The Meaning Behind “She’s a Beauty” by The Tubes and the Real-Life Peep Show that Inspired It

You could argue that cult bands are cult bands, and hit bands are hit bands, and never the twain shall meet. But The Tubes proved that you can indeed make the leap from “adored by few” to “loved by many.” They did so on their 1983 single “She’s a Beauty.”

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What is the song about? How did the writers come together to create the song? And what experience inspired Tubes’ Fee Waybill to come up with the lyrics? Get ready to take a peek back at “She’s a Beauty.” Just remember: Don’t fall in love.

Looking for that Big Hit

Cult-band status is nice, but, sadly, it doesn’t often pay the bills. So The Tubes found out. They emerged from San Francisco with an irreverent melding of rock, pop, and punk, along with a reputation for unpredictably wild live performances. But their record deal went kaput when their record sales stayed stubbornly low.

They received a big break in the early ’80s when they started working with producer David Foster. Foster simply had a knack for what went into a hit song in that era, which is why he was so in demand. Not only did his expertise help out The Tubes, but he also brought with him Toto guitarist Steve Lukather on the songwriting front.

Lukather was toying with his guitar in the studio with Tubes singer Fee Waybill when he came up with the ripsnorting riff that opens up “She’s a Beauty.” Waybill jumped in, and then Foster helped to assemble the different parts that the duo had created into a forceful, engaging whole. Now, the thing just needed some words.

San Franciscan Nights

Something in the music written by the trio of men inspired Waybill to look back to time spent in a red-light district in San Francisco known as the Tenderloin. In particular, he recalled a kind of peep show that was there, as he explained to this author for the book Playing Back the ’80s: A Decade of Unstoppable Hits:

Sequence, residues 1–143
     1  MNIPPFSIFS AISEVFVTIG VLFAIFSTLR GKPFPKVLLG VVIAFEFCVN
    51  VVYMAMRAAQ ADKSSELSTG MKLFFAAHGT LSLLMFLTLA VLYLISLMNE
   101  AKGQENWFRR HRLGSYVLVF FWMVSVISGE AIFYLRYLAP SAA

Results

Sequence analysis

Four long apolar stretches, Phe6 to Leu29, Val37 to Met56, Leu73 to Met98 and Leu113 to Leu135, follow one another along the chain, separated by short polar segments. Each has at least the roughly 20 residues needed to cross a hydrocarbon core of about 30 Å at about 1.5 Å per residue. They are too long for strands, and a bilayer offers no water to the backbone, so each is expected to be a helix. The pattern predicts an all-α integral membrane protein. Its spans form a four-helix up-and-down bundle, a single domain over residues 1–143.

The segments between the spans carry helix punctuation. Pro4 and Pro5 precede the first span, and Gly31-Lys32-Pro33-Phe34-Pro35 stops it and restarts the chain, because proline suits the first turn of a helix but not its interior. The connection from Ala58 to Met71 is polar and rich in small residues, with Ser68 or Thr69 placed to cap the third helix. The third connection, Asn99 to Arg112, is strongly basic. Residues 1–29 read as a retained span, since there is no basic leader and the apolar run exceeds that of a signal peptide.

“They used to have a thing called, ‘Pay a Dollar, Talk to a Naked Girl.’ It was like an outdoor phone booth in front of a massage parlor, only the phone booth, it was all enclosed, except for the front. And you put in a dollar, and this screen would come down and there’s a semi-clad woman kind of teasing you and pretending to take off clothes. Only she didn’t really take off much. She’d take off a little bit, and then you gotta put in another dollar.”

Waybill tried to reason with the woman that her time might be better spent doing something else. But she stayed in character and just kept beckoning him to come into the massage parlor. The combination of his feeling sorry for her and the bizarre nature of the situation spurred him on to put a twist on the experience in “She’s a Beauty.”

What is the Meaning of “She’s a Beauty”?

In “She’s a Beauty,” Waybill imagines himself as the carnival barker hailing passersby to see this beautiful woman. But they don’t get to do it for free: She’ll give you every penny’s worth / But it will cost you a dollar’s worth. And they don’t get anything other than a look: You can say anything you like / But you can’t touch the merchandise.

Waybill does a wonderful job making this seem as alluring as possible: You can look inside another world / You get to talk to a pretty girl / She’s everything you dream about. But he also gives you hints that his spiel is not to be fully believed. After all, the people who ask, Why would I lie, tend to be the ones who lie the most.

“She’s a Beauty” benefited from a clever video that allowed Waybill to give visual life to the character he plays in the song. The Tubes had their big hit, enough to endow this band with a longevity and name recognition that few other cult bands ever get to enjoy.

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Photo by Mike Prior/Redferns/Getty Images

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